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China's Reopening Speeds Growth Along

Has the global economy shifted up a gear in Q1? Last year, gross domestic product (GDP) in China—a key engine component of the global economy, in our view—mostly sputtered as major Chinese cities dealt with an array of COVID restrictions.[i] (GDP is a government-produced measure of economic output.) Growth slowed across most indicators, and Chinese GDP grew an anaemic 3.0% in the full year.[ii] But now those restrictions are gone, monthly indicators are heating up and China’s GDP has already reaccelerated to 4.5% y/y in Q1.[iii] It may not soar from here, as Fisher Investments’ research shows the initial reopening rebounds tend to be short, but in our opinion, China will likely keep contributing nicely to global GDP, which we think is likely to give global stocks a nice assist.

Whilst economists’ consensus projections were for China’s GDP to accelerate in Q1, the magnitude surprised. Consensus estimates were for growth to speed from Q4 2022’s 2.9% y/y to 3.4%.[iv] That makes the 4.5% growth rate one of the biggest beats we have seen in a long time. Under the bonnet, it appears the positive surprise stemmed from the services sector. March industrial production grew, but at 3.9% y/y it missed analysts’ expectations for 4.8%.[v] Meanwhile, exports soared 8.4% y/y in Q1.[vi] But retail sales’ 10.6% y/y growth smashed economists’ expectations for 7.0%.[vii] Encouragingly, the reaction to this from commentators we follow was largely dim—suggesting a phenomenon we call the pessimism of disbelief, in which commentators mostly dismiss or ignore good news during a young stock market rally, is alive and well. We have found this to be a common feature of new bull markets (long periods of generally rising stock prices). In addition to bemoaning industrial production’s miss, publications we read warned that March purchasing managers’ indexes (monthly surveys that track the breadth of economic activity) indicate Q1’s export boom probably won’t last—implying heavy industry is China’s economic engine. But in reality, services has that distinction, as it is the largest economic sector in China.[viii] Services also happened to grow 5.4% y/y in Q1, outstripping heavy industry’s 3.3% rise.[ix]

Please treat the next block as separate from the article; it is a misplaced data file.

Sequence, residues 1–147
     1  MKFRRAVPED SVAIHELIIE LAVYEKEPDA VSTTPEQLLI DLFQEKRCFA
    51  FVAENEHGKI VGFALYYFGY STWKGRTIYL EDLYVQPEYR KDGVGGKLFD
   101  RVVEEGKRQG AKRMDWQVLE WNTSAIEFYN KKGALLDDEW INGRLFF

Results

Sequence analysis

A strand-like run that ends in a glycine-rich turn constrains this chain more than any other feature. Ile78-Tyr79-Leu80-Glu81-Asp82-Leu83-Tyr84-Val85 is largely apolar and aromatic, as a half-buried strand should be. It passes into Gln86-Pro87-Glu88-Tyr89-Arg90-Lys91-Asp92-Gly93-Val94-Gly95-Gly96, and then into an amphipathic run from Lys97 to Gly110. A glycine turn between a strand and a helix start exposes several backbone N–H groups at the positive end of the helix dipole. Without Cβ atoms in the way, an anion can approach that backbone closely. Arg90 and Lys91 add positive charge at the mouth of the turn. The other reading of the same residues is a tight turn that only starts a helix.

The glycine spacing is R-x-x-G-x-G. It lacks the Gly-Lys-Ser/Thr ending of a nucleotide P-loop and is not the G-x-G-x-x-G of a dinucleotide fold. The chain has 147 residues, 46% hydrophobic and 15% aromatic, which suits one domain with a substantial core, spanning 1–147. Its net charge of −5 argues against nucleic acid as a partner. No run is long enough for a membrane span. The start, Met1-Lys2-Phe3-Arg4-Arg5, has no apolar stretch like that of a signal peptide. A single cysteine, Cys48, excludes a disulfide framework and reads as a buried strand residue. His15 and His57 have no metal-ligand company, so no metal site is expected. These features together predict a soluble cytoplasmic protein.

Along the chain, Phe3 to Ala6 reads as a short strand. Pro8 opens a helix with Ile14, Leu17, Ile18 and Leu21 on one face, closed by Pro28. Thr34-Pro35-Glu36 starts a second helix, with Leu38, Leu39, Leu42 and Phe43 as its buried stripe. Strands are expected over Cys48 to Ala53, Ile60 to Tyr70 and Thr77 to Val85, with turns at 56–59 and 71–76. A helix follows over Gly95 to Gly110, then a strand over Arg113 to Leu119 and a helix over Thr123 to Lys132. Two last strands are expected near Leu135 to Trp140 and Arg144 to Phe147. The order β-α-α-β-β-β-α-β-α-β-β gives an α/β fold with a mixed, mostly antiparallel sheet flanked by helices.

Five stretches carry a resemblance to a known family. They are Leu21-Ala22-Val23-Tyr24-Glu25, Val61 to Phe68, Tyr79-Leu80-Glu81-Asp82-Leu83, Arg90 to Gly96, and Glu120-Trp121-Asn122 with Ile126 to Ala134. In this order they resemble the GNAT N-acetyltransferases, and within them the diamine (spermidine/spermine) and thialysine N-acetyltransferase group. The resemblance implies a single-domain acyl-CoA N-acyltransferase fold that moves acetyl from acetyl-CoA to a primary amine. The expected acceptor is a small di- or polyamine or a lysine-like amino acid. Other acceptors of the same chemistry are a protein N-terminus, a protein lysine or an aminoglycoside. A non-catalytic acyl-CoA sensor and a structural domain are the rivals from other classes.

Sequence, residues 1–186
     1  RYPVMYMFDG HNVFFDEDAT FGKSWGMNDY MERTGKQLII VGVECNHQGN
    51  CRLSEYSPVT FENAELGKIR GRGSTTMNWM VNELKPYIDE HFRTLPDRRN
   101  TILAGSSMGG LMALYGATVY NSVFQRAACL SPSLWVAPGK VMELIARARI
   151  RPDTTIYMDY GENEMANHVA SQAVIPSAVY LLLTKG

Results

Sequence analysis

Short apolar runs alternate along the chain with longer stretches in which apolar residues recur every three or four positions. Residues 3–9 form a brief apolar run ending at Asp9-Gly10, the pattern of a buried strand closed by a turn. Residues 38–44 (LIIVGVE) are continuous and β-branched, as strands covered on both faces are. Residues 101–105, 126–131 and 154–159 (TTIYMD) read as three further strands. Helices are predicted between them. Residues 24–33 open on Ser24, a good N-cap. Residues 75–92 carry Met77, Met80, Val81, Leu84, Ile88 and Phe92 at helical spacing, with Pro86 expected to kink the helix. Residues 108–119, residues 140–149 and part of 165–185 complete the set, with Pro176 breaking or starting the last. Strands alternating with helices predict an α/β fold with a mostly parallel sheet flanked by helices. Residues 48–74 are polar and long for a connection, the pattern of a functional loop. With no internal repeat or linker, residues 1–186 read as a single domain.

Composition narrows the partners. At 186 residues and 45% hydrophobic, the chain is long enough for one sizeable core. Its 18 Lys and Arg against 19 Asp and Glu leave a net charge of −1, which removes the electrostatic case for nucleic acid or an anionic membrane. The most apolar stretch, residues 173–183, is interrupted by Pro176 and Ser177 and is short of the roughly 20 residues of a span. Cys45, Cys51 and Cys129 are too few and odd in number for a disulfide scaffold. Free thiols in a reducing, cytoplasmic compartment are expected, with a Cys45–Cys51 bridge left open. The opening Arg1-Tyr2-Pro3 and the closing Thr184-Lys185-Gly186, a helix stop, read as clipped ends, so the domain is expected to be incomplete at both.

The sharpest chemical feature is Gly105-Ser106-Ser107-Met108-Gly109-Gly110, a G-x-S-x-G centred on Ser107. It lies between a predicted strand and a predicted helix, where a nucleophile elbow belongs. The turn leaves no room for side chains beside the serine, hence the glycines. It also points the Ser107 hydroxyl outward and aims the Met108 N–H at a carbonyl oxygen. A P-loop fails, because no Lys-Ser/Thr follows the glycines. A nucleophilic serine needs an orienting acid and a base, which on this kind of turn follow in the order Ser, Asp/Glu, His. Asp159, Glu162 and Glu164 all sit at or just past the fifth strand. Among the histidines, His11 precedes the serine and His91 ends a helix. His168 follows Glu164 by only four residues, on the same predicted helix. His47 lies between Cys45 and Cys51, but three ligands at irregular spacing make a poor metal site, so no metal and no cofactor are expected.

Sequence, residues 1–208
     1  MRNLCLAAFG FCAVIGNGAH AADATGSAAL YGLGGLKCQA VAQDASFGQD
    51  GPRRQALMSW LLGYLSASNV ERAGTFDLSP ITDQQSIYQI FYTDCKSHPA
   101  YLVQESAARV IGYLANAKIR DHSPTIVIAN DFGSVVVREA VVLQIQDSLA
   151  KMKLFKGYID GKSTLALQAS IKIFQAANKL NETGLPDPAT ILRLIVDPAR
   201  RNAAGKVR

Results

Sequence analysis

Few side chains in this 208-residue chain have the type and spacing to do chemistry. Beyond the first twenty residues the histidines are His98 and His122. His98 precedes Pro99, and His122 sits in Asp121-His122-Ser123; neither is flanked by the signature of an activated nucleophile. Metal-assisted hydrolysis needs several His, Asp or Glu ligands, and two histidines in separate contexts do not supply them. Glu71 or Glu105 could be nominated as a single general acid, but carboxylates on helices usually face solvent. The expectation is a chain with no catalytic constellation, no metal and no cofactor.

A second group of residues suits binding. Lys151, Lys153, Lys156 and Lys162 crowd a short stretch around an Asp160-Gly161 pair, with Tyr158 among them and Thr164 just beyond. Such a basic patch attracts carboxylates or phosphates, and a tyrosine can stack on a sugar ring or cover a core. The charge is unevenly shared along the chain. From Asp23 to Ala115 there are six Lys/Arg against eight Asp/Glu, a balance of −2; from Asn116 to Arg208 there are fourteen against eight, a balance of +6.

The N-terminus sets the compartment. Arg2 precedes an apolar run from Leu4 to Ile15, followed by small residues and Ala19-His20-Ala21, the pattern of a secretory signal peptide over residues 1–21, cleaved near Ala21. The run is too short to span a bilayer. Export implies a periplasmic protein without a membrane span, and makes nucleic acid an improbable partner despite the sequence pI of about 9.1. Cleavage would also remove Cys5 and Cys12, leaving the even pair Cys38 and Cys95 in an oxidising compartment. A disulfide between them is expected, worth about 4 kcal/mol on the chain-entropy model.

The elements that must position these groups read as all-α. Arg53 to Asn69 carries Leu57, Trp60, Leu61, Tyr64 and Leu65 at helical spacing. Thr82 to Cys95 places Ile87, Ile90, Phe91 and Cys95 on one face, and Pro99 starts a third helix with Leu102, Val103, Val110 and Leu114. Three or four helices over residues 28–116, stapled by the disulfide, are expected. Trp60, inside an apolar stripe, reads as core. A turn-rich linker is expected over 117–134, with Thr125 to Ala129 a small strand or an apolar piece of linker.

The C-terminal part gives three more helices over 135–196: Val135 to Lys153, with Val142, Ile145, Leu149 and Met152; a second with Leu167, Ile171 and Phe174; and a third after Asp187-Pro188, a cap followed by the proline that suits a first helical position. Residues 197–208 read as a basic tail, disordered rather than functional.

If the largest piece of China’s economy is growing the fastest, that is good news, in our view. It also fits with the government’s long-running goal of services generating most of the economy’s growth, on the presumption that this is more sustainable in the long run than heavy industry powering everything.[x] That always seemed logical to us, considering China’s low-end manufacturing edge appeared to begin eroding long ago amidst higher wages and shipping costs.[xi] Other developing nations are now carrying more of the world’s factory load whilst China’s economy matures and relies more on domestic demand for growth.[xii] In our view, that makes its contributions to global growth less circular—and potentially boosts its clout as an end market for developed-world companies. We think that is probably great for companies’ future earnings.